Cover flaw may make Potter book even more coveted item
By Noelle Chun
Advertiser Staff Writer
|Unlike the shiny blue foil on most copies of J.K. Rowlings' best seller, right, James Tumblin ended up buying his nephew a copy with a misprint, left, launching a search for an appraisal.
Eugene Tanner The Honolulu Advertiser
It wasn't a special edition, but the coloring differed from others he had seen. Instead of the shiny blue foil that embosses most books, Stanley's copy was dull and dark.
Could it be that his uncle, James Tumblin, a collector of "Gone with the Wind" memorabilia, inadvertently bought a misprint of the top-selling book?
Well, yes. But what that means depends on whom you ask.
Tumblin and his nephew believe they have a valuable misprint. They called auction house giants Sotheby's and Christie's and described the jacket cover. Tumblin said they'd been told the book could be worth thousands of dollars.
However, representatives of Sotheby's contacted by The Advertiser refused to put a price tag on the possibilities, because neither auction house is purchasing Potter's most recent book .
Christie's representatives were hesitant to gauge the book's value. "It's hard to appraise it, since the phenomenon is so new," said one.
A more careful inspection would be required to determine whether the auction house would even be interested.
Local collectors couldn't put a value on it either.
"It's hard for me to come up with a value because it's so new," said A. Pake Zane of Antique Alley. "The whole of the collectible industry is predicated by supply and demand. If the demand is high, you'll have a better chance (of a high value). ...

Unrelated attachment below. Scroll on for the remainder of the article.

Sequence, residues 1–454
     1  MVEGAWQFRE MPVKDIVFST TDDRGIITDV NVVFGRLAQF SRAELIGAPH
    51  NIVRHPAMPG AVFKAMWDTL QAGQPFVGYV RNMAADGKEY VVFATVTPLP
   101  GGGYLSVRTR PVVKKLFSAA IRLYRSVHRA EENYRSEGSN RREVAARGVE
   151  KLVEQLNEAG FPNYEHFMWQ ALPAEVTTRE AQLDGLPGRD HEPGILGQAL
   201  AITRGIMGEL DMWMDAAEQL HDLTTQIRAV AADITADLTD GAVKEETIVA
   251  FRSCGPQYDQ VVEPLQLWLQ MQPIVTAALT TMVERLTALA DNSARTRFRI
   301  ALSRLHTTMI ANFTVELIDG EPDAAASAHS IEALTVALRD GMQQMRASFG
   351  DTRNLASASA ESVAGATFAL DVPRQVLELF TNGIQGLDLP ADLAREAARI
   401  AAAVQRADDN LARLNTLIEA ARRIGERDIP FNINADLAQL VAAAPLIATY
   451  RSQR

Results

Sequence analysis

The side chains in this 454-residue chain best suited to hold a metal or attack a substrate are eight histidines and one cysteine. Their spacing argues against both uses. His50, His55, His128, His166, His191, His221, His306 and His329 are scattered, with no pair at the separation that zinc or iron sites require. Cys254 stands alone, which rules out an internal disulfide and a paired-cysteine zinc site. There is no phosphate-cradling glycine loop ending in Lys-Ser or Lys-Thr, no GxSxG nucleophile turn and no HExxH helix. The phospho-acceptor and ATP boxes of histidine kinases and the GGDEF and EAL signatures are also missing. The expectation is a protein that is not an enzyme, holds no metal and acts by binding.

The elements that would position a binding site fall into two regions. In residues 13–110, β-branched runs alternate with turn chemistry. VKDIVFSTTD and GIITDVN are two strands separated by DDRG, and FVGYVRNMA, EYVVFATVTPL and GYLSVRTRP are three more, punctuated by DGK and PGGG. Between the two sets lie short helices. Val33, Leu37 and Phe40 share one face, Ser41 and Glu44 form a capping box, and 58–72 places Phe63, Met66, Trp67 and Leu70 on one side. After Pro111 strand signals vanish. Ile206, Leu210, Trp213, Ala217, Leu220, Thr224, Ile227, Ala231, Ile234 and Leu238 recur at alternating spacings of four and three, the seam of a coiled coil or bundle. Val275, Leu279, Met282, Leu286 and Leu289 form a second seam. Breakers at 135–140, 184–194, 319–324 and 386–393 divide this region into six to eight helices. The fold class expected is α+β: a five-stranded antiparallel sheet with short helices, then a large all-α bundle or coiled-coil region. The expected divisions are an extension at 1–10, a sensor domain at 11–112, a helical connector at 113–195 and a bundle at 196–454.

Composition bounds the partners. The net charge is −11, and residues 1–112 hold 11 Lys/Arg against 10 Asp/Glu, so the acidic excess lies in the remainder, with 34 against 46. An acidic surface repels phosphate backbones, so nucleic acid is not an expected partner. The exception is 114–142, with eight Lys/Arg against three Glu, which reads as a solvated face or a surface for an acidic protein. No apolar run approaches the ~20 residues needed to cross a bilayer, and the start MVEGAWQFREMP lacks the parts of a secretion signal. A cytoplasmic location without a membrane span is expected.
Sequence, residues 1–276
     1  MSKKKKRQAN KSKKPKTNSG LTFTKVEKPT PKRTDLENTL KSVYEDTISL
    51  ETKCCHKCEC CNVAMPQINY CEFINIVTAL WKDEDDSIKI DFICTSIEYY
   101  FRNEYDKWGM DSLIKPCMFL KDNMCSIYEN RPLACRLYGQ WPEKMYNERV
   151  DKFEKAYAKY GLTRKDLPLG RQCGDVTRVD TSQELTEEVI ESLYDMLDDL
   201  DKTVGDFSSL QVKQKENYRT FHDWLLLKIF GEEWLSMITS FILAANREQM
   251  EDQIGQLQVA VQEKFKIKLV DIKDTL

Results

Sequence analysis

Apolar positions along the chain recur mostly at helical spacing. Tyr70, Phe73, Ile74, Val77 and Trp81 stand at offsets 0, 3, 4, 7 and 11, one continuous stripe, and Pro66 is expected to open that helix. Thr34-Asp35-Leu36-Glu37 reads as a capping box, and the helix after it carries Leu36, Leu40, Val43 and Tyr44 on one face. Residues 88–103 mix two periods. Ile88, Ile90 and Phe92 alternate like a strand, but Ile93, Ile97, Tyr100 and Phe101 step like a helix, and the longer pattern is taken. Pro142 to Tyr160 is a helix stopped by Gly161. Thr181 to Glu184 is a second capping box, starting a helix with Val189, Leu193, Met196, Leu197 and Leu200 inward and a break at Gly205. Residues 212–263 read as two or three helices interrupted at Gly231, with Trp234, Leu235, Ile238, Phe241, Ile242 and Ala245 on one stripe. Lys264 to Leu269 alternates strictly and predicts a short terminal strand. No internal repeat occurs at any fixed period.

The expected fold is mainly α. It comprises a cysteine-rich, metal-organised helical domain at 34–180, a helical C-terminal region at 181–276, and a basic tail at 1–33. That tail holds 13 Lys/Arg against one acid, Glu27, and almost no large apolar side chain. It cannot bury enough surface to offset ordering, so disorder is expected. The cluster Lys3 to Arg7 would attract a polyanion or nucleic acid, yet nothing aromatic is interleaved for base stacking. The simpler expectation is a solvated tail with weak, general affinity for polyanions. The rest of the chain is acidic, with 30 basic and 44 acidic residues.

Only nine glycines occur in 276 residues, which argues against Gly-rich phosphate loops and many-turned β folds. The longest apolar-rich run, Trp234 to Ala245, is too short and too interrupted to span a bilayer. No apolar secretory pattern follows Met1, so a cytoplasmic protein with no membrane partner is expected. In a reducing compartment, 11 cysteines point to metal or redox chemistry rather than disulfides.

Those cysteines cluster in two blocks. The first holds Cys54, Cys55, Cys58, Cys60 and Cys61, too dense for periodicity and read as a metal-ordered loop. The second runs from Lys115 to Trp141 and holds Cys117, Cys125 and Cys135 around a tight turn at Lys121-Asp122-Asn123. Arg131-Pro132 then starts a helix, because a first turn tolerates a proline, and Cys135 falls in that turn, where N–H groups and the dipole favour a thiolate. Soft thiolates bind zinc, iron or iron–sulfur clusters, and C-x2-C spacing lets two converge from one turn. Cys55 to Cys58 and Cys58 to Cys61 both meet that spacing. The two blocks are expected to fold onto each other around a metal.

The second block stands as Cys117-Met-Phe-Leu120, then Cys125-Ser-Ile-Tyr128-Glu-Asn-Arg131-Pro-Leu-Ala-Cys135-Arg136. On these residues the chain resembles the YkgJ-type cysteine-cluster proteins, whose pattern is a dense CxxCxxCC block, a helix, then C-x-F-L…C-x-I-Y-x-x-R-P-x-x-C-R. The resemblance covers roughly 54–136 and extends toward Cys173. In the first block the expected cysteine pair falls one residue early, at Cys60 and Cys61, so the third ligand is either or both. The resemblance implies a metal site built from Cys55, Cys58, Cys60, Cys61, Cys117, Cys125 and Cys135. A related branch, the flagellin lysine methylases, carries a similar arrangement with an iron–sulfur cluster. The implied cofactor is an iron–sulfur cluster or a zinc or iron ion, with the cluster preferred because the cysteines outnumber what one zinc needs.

"Maybe there will be people who look for the odd book."
Stanley's copy was purchased at midnight June 21, the book's release date, at Borders, Ward Center. Borders' marketing manager Les Honda said the copy was part of a handful of misprinted covers the store received.
Honda isn't sure if Stanley's is the lone misprint to make it to the public.
"A few customers came back to exchange the covers," Honda said. The store returned the faulty copies to Scholastic Inc., the book's publisher. Borders officials declined to give an exact number of returned copies.
Scholastic Inc. representative Helen Boltson, after reviewing an e-mailed copy of Stanley's book, explained that "the foiling did not take to the paper correctly."
She added that Scholastic would be happy to replace the discolored cover. Asked if the flaw made the book a collector's item, Boltson said she didn't have any answers.
"Like many other collectibles, to some it might be collectible; to others, a defect. But (it) can't hurt to hold onto it," she said.
"Order of the Phoenix" is on its third printing, with some 9.3 million copies in circulation. Stanley's jacket cover isn't the only problem Scholastic has had keeping up with massive sales.
Books with missing pages have been reported at Borders, Barnes and Noble, and Waldenbooks.
"We received an e-mail from our national offices telling us that 30 pages were missing from some books," said Jared Shimamoto, the manager at Barnes and Noble at the Kahala Mall. "We were told to ship them back to Scholastic."
A seller of a book with missing pages recently tested the online auction market on eBay. Bidding ended at $127.50 $91.51 more than the book's retail price.
Books with other errors were also listed on eBay. A British seller is asking for 100 pounds (about $163.07) for a book with a misspelled word. The seller has yet to see any takers, however.
Stanley is going to wait and see how his copy stands up.
"We're just tickled," said Tumblin. "We're planning to keep it."
Correction: Scholastic Inc. is the publisher of "Harry Potter and the Order of the Phoenix." A previous version of this story described the company incorrectly.